Marsha P Johnson Institute, named after the Black trans campaigner, sex worker, mother figure for homeless queer youth and key figure of the Stonewall Riots.She was only five when Marsha — P for ‘Pay It No Mind’ — Johnson died at 46 in 1992.Since then, she has seen Johnson’s legacy soar as her calls for queer, racial and social justice gain recognition as if she was the new activist on the block.‘There are people who come across Marsha P Johnson who still assume that Marsha is alive,’ Moxley says.‘But when people hear about the Martin Luther King Jr Center or the Malcolm X and Betty Shabazz Center in Harlem, they do not consider these heroes, these Black figures of hope in justice, in resiliency and preservation, alive.‘So what’s the difference?’Teen gang member named for first time after gun attack left boy, 13, paralysedMillions could see annual mortgage payments rise by £5,000 in next two yearsMason Greenwood 'arrested for breaching bail on rape and assault allegations'There are two reasons, Moxley says.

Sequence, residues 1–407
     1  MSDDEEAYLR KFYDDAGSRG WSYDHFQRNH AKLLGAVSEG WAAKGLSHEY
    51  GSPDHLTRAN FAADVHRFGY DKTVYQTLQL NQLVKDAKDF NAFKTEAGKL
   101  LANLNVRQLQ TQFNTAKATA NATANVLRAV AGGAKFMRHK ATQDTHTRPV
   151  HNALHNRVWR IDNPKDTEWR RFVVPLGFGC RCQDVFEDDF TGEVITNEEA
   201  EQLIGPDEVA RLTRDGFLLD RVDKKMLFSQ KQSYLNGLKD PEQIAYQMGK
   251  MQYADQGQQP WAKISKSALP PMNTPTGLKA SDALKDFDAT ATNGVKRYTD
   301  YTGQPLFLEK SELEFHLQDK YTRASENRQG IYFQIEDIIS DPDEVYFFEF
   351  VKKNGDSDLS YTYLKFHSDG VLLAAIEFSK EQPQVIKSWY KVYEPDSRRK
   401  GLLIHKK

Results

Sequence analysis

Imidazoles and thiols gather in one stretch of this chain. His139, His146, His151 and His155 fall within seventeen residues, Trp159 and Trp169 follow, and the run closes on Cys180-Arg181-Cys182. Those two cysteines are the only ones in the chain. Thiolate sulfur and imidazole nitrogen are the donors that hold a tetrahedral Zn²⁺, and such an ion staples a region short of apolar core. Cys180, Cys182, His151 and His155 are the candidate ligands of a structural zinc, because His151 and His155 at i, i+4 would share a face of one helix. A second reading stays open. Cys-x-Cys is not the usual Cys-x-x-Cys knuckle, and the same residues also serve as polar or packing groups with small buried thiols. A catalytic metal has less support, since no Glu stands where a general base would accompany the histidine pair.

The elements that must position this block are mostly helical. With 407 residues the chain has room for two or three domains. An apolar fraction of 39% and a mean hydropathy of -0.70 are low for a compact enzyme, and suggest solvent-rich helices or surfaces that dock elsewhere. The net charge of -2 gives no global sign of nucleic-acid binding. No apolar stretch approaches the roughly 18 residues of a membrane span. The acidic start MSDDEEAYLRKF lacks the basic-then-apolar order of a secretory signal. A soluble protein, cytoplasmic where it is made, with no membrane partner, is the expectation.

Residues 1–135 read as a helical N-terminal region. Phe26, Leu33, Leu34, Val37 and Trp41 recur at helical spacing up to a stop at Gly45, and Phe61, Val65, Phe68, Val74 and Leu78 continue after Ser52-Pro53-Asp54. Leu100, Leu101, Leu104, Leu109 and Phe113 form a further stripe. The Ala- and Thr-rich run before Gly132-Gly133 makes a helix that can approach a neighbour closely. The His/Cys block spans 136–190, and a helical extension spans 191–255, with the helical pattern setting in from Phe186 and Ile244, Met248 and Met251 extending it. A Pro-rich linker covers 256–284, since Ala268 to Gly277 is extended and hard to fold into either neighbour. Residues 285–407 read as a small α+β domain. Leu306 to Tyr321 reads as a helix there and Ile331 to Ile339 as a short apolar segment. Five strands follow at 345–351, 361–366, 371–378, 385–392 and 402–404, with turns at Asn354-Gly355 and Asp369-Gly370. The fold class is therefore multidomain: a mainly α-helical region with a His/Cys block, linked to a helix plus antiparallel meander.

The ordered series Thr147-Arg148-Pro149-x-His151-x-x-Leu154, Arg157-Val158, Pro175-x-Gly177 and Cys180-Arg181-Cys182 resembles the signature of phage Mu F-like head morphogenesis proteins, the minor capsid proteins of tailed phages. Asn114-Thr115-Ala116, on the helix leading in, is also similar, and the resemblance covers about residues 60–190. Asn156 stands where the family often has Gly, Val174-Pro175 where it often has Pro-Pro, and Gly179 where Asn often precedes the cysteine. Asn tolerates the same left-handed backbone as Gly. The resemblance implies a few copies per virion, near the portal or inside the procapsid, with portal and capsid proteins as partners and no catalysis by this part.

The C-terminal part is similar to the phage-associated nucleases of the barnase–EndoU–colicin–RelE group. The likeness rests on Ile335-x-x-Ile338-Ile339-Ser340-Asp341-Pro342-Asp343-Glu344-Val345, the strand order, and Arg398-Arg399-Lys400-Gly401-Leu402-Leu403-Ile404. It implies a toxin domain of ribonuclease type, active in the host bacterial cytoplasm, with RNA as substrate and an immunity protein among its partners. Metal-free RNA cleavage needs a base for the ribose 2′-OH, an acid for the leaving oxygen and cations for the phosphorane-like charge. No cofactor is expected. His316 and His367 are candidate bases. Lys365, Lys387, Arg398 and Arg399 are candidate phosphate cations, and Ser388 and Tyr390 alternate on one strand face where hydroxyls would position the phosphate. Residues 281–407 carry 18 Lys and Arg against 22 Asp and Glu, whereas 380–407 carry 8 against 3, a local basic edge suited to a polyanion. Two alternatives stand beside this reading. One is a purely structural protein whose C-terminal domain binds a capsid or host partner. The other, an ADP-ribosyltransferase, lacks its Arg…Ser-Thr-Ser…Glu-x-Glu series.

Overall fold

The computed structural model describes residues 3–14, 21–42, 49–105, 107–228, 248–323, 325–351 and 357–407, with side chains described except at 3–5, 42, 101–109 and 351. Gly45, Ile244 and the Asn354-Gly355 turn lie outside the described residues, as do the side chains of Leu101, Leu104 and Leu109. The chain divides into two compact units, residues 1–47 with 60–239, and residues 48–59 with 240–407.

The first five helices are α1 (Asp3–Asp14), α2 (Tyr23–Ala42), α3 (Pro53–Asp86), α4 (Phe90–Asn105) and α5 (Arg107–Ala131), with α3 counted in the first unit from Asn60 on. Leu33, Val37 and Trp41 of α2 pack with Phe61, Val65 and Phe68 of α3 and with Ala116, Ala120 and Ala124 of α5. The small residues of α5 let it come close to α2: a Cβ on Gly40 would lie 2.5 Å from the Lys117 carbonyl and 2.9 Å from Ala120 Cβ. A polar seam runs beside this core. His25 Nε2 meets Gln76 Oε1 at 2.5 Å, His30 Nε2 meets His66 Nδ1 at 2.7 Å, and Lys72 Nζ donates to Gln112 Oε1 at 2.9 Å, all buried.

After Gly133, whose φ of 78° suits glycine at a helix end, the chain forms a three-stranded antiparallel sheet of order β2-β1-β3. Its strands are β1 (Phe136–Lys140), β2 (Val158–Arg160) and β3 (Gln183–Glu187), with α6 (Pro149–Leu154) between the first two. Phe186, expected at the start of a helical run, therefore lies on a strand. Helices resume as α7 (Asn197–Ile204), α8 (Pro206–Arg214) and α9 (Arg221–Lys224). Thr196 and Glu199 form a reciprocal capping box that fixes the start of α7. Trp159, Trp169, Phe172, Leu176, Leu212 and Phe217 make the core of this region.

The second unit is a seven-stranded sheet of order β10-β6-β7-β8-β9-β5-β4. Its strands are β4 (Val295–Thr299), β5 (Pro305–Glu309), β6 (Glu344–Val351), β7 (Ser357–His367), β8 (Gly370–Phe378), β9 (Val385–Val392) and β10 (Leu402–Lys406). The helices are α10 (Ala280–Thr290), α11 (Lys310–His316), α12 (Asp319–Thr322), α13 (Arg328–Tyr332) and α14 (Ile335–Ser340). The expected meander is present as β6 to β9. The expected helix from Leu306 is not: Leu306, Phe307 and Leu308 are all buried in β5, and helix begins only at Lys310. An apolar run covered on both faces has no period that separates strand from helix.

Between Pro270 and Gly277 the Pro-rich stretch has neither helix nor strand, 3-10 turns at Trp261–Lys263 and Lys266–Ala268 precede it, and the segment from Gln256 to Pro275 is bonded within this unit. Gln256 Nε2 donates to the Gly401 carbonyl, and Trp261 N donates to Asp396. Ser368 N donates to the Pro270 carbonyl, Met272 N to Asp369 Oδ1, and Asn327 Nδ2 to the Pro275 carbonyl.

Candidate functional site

Johnson wasn’t just Black. She was Black, trans and a woman.And when it comes to the history books, Black trans women’s names are often the first to be forgotten.‘That’s just the reality of what it is to be a Black trans woman in the world, it takes 30 or so years for our stories to come in the media,’ Moxley says.Johnson was born in 1945 in Elizabeth, New Jersey.
By 1965, she found herself in New York City with nothing more than $15 in her pocket and a bag of clothes. Life wasn’t easy for LGBTQ+ people.
New York State may have lowered sodomy from a felony to a misdemeanor in 1950 but discrimination remained rife.Johnson knew this.